Sure, a lot of that has been done to death, but this is Archie and his friends, the “Gee, shucks,” crew from the 1940s. Every teen scene we’ve seen a thousand times is a wink to the audience, a love letter to the tropes we’ve tried over the years. Only this time, there’s an extra flavor of sex and murder and mystery.

Because, aside from the forbidden romance and the love triangle and the parental scandals, that’s the real heart of the show so far: what happened to Cheryl’s twin brother Jason (Trevor Stines), and who did it? The first three episodes offer some tantalizing clues, but no real leads. That gunshot was Dilton Doily (Daniel Yang) in the woods with his scouts. Cheryl’s guilty, but only of knowing that Jason didn’t drown right off the bat. Miss Grundy’s car was at the river that day, but we know she spent her time with Archie. And, of course, the timeline we were originally working with was way off.

In Thursday’s “Chapter Four: The Last Picture Show,” we’ll get a couple more delicious tidbits of information about who Jason was, and the people with whom he spent his time. You can also look forward to things heating up on the Miss Grundy front, and expect to uncover secrets about Jughead’s past, Veronica’s parents, and Betty’s sister Polly. There’s even a whole Cooper family face-off you won’t want to miss.

The best part? We get another famous B&V team-up, as these girls quickly become the heart of the show. After last week’s fake threesome and very real takedown, these two are the only couple I want to see.

Ronnie’s already showered Betty in flowers (“yellow is for friendship,” please), cupcakes, and mani-pedis. She jumped at the chance to be lab partners with the blonde, declared it fate, had a whole speech explaining how she felt she was meant to spend her life with Betty (yeah, okay, as BFFs), and then shared a milkshake with her at the diner.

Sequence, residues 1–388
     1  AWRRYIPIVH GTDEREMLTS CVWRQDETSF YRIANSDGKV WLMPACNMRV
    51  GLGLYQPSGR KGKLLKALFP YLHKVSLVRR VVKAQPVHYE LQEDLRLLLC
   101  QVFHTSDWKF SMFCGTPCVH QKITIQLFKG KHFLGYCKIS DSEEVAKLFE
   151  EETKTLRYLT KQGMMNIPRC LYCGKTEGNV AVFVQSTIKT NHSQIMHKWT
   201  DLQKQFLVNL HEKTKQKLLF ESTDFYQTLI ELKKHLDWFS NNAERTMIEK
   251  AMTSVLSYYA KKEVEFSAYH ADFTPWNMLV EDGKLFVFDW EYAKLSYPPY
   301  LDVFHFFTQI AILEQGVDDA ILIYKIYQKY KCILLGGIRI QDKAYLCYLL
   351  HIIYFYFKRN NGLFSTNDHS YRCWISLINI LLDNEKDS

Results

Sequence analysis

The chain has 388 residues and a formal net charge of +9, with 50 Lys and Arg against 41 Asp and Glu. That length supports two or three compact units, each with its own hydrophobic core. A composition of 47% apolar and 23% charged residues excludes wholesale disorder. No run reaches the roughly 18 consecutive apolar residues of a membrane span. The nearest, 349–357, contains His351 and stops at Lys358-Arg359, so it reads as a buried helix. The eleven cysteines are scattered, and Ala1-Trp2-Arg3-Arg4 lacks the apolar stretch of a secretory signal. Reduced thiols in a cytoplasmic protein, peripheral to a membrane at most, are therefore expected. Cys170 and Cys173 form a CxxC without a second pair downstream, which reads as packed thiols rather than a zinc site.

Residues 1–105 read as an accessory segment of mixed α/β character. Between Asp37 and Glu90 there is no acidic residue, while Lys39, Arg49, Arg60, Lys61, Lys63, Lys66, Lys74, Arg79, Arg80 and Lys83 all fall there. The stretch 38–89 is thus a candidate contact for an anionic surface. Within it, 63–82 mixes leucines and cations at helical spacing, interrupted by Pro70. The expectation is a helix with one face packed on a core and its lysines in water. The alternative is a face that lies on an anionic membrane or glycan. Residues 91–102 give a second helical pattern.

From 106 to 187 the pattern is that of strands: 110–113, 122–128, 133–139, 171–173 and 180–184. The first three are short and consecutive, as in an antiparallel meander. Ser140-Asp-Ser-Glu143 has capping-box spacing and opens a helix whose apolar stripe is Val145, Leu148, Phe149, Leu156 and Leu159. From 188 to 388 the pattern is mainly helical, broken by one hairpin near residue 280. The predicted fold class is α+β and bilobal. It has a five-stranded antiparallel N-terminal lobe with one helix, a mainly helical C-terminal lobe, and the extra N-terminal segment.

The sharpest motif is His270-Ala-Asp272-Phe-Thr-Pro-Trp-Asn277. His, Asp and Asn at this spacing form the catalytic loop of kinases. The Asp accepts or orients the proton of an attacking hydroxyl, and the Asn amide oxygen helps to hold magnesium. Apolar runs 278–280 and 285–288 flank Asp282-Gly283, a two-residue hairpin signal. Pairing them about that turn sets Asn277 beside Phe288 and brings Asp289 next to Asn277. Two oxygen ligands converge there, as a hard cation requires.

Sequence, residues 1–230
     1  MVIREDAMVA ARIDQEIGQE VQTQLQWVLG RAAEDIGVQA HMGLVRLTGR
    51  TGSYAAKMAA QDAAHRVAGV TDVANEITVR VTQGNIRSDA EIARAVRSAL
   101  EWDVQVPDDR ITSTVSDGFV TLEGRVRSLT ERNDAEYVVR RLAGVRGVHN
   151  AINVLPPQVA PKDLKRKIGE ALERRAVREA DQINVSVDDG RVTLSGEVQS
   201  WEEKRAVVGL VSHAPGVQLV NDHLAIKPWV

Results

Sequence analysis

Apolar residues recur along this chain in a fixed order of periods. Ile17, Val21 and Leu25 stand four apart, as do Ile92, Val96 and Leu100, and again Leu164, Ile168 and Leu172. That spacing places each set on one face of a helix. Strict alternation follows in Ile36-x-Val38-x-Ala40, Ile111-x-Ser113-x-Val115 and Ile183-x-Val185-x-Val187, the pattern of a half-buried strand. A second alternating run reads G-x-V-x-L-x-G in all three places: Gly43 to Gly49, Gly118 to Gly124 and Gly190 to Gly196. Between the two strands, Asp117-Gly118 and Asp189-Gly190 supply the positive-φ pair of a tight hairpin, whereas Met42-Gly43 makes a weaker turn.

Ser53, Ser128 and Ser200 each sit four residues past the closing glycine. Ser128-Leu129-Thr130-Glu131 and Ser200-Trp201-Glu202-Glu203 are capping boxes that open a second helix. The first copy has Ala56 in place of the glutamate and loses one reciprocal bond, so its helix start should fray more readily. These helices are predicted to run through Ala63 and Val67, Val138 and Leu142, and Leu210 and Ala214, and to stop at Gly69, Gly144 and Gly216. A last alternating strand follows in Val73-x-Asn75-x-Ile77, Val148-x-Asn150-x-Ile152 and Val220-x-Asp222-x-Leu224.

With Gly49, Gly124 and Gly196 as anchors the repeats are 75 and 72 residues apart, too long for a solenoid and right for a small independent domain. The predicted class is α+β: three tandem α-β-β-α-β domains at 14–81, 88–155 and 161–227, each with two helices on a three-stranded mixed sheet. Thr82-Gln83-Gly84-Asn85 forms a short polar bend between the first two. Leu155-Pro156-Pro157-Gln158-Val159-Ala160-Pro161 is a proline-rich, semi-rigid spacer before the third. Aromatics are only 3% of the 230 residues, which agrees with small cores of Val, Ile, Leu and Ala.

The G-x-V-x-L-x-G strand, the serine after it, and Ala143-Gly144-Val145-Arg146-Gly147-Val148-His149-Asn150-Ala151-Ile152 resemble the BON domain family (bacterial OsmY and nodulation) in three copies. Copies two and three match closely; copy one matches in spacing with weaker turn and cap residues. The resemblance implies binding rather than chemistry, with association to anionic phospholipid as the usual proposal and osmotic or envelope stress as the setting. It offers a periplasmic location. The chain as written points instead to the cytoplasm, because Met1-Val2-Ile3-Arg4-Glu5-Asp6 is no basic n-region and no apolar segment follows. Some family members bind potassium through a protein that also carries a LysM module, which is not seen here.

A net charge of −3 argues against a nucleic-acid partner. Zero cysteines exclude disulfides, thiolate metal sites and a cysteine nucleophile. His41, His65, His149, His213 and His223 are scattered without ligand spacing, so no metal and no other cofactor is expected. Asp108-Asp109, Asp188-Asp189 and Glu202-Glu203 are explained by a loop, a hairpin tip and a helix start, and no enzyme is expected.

Aside from all of that obvious chemistry, Veronica’s also the only one who saw Betty’s psychological slip while they were going “full dark, no stars” (that is, aside from Chuck Clayton (Jordan Calloway), who was too busy dealing with literally sticky maple to fully appreciate what was happening). When Betty inevitably starts to spiral, Veronica will be there once again to help pick up the pieces.

As Hermione Lodge says, “A friend is better than a boyfriend.” And as Cheryl says, “faux lesbian kissing” is past its sell-by date. So come on, Riverdale. Give us the real stuff. It’s so on theme with the CW — and isn’t that what we’re doing here?

--

Chelsea Duff is an entertainment writer and freelance journalist who says she watches wayyy too much TV. For more of her commentary, visit her Watch, Beyotch website.

 
 
 
 
 
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Good news, TVWW readers: David’s new book from Doubleday, The Platinum Age of Television: From I Love Lucy to The Walking Dead, How TV Became Terrific is available on Amazon for under $20.

Doubleday says: “Darwin had his theory of evolution, and David Bianculli has his. Bianculli's theory has to do with the concept of quality television: what it is and, crucially, how it got that way."

"The Platinum Age of Television is an effusive guidebook that plots the path from the 1950s’ Golden Age to today’s era of quality TV. For instance, animation evolved from Rocky and His Friends to South Park; variety shows moved from The Ed Sullivan Show to Saturday Night Live; and family sitcoms grew from I Love Lucy to Modern Family. A high point is the author’s interviews with Carl Reiner, Mel Brooks, Norman Lear, Bob Newhart, Matt Groening, Larry David, Amy Schumer and many others...Bianculli has written a highly readable history." —The Washington Post